What you need to know about port forwarding and UPnP

UPnP, ports, firewalls, it can still be quite difficult to make something available from within your network so that it can also be reached at external locations. It is often difficult to configure your router to send the correct traffic to the correct device in your network. We will get started with UPnP and port forwarding.

Do you want to be able to reach a device from your home network, for example your NAS, even when you are not at home? By default, your home network is secured in such a way that this is not just possible, because otherwise malicious parties could also reach your network devices. So you have to adjust settings yourself. It is essential that you know what you are doing, so that you do not unwittingly weaken the security of your network. Also read: Is your NAS getting full? You can do this.

01 Internet layers

If you want to send something over the internet from point A to point B, this data is sent through a number of 'layers'. Each layer always offers some extra functionality for sending data.

At the very bottom you have the physical layer, where data in the form of signals is sent over the cable or wirelessly via WiFi. A layer above that you have a layer that sends the data over the cable or WiFi in the form of ones and zeros and that also checks for errors, and resends data if necessary. One more layer up you have the ability to send data between two network devices, something that is done via a MAC address. Each layer is a bit more abstract, at the bottom you work with physical ones and zeros, above that with packets between devices and addresses. So you have a number of layers, where each layer always uses the functions and abstractions of the layer below.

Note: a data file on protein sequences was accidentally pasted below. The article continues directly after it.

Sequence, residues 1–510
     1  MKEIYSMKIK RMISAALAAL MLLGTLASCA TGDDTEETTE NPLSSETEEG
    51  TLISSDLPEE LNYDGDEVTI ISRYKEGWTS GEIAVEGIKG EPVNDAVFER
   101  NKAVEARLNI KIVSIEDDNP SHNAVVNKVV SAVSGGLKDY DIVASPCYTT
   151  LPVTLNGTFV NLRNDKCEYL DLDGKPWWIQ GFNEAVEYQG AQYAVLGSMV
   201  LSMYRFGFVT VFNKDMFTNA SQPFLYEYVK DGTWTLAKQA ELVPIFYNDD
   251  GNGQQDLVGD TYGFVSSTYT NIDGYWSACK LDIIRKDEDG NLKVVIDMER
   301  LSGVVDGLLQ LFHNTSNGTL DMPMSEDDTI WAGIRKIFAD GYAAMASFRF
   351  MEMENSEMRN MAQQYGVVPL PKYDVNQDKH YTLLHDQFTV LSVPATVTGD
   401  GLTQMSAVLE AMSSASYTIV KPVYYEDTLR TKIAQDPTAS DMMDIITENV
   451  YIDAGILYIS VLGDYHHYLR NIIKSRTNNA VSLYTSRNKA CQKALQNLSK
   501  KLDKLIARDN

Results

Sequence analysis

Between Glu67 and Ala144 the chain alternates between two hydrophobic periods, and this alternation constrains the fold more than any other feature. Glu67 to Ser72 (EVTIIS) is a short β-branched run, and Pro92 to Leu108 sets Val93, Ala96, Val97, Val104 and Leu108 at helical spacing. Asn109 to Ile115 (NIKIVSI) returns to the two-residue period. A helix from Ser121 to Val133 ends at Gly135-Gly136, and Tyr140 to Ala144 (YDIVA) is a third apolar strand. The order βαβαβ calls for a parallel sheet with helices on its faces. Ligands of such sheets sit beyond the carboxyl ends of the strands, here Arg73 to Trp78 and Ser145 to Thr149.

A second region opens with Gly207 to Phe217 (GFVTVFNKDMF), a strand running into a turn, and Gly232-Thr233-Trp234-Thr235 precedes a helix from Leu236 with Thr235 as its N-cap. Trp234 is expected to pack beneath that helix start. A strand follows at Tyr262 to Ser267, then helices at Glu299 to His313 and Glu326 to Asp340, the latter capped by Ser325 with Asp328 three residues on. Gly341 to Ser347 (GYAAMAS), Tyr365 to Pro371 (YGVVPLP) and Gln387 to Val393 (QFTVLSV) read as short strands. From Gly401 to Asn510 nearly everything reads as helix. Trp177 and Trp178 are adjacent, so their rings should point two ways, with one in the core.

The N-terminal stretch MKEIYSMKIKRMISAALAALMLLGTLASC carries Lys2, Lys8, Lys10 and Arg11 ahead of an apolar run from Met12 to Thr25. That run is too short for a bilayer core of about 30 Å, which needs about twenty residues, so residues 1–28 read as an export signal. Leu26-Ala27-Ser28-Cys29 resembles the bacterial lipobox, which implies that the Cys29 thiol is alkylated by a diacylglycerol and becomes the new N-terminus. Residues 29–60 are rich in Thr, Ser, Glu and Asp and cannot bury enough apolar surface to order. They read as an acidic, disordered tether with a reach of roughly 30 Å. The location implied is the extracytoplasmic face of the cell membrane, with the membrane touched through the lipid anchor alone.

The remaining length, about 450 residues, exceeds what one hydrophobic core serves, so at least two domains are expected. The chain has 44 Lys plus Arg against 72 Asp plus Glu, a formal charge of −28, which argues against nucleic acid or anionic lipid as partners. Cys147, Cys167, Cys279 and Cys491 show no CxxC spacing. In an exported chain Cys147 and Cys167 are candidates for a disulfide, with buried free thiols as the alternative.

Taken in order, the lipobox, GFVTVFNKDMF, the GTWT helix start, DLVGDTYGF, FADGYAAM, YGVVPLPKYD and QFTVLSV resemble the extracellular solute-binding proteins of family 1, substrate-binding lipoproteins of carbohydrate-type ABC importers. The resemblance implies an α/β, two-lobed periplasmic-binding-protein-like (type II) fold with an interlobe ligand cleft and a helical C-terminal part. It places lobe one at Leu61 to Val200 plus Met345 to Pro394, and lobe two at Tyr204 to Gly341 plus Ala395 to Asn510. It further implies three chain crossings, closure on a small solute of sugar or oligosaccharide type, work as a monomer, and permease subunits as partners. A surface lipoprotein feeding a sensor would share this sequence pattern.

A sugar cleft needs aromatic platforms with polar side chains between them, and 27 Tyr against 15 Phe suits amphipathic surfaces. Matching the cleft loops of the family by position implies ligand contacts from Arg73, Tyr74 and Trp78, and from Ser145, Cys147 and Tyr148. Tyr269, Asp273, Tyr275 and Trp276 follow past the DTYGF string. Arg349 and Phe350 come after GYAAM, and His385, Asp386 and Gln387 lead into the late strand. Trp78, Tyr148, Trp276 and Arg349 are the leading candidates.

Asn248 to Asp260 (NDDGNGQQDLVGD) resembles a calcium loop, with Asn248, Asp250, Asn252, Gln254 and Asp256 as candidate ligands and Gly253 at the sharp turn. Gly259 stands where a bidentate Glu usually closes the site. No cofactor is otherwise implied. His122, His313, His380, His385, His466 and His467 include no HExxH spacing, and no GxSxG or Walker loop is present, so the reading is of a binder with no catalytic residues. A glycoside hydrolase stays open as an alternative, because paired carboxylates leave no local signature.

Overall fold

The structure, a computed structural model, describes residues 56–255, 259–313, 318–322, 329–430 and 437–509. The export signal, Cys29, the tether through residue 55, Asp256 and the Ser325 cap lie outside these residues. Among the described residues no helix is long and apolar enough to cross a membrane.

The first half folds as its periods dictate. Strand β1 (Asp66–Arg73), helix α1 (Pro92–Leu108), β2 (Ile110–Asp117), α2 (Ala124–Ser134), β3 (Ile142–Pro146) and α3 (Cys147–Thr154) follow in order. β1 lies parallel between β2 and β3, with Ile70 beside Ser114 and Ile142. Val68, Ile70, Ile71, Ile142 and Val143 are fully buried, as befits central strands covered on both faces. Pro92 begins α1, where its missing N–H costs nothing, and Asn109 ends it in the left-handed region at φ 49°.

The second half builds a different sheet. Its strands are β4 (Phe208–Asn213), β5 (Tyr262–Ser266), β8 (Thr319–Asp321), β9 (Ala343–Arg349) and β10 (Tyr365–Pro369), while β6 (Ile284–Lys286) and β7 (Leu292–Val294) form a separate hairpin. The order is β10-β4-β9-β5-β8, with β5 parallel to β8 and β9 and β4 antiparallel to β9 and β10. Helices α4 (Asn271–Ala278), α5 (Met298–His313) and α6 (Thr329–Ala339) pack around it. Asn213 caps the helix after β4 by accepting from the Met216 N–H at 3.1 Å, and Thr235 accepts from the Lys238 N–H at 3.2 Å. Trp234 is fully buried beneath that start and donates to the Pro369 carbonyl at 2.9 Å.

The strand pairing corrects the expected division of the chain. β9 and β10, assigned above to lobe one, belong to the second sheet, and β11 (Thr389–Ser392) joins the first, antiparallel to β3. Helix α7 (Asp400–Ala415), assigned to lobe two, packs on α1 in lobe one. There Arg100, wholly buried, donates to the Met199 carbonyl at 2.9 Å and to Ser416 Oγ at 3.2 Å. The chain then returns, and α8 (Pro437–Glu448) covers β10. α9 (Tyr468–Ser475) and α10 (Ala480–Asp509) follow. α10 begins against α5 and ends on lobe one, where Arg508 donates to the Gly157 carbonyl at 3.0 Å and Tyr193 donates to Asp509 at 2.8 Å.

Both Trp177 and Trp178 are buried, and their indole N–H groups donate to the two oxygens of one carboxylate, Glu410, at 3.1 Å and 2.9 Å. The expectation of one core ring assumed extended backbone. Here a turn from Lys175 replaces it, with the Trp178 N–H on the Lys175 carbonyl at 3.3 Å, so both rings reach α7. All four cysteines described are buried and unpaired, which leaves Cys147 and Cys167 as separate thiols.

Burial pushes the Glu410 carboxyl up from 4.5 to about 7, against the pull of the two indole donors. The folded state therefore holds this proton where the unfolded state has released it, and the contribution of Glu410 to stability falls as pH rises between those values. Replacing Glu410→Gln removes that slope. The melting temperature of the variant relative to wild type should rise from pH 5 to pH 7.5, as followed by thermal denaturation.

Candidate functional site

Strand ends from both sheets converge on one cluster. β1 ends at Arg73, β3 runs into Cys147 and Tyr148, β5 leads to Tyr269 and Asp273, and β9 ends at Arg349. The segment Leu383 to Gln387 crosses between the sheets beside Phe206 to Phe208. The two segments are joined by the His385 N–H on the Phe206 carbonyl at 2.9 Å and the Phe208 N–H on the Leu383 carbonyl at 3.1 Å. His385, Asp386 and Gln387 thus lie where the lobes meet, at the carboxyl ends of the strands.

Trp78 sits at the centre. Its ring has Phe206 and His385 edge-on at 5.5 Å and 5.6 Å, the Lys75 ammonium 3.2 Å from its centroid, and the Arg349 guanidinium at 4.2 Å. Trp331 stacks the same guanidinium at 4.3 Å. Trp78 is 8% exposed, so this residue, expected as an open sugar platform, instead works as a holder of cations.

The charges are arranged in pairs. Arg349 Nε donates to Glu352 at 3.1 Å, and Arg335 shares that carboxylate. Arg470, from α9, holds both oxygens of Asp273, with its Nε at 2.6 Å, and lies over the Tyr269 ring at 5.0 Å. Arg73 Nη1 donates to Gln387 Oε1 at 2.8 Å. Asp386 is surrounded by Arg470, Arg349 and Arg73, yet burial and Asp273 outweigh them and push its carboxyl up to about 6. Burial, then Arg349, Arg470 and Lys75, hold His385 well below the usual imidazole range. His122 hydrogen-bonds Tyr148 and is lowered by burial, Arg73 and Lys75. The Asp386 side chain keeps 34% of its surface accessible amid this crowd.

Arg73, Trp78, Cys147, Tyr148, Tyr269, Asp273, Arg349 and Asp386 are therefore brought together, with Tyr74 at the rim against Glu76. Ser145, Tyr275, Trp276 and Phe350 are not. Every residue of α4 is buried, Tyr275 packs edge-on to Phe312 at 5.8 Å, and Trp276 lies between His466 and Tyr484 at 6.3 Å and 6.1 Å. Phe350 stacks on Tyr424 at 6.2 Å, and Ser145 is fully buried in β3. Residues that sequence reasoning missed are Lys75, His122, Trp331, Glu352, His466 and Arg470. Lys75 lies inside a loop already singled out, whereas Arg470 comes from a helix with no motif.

Now suppose we want to send the text "Hello, world!" to our server at home. The network layer packages the text and finds a router that can take the packet and forward it on its way to our server. The packet goes one layer deeper until it is converted into physical signals and passes through the cable. Ultimately, it arrives at our server, which reads the data. Now suppose that the server also responds with a packet that says 'Hello, PC!'. This package also goes through all layers, on its way to our computer. However, there is a problem. The package has arrived on our computer, but how does the operating system know for which program the package is intended? There are gates for that. A port is nothing more than a mailbox for a program; where Windows, Linux or macOS can deliver the data so that the program for which the data is intended can receive it.

02 Port forwarding

If you don't have a firewall, access to all your ports is open. That's not so bad, because as long as no program opens a port, nothing can happen. In addition, Windows has its own built-in firewall. If a program deploys a port and the firewall allows it, any PC anywhere can call your IP address using that port and send data to it.

At least in theory that is the case… in practice you have a router to which several PCs, laptops and tablets are connected. Suppose you want to send data to your PC somewhere outside your own network, then there is a problem. Your router does something called NAT, or Network Address Translation. This is necessary, because your internet provider only gives you one IP address per internet connection and with that one IP address you can connect exactly one device to the internet. The router solves that problem by being the only one directly connected to your provider and thus adopting that IP address, and then handing out IP addresses to your own devices.